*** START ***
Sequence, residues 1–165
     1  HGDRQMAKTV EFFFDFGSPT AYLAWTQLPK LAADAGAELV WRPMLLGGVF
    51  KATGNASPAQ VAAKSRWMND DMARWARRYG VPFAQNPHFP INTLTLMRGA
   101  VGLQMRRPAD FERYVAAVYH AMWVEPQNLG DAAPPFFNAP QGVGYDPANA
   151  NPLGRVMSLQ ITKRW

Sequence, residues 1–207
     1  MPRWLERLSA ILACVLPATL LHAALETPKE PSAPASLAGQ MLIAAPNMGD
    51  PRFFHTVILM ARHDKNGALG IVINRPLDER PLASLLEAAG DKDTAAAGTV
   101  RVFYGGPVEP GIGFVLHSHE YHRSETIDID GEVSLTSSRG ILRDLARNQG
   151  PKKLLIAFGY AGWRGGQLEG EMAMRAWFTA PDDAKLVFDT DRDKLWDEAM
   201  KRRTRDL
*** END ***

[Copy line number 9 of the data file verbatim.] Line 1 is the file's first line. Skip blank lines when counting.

   101  RVFYGGPVEP GIGFVLHSHE YHRSETIDID GEVSLTSSRG ILRDLARNQG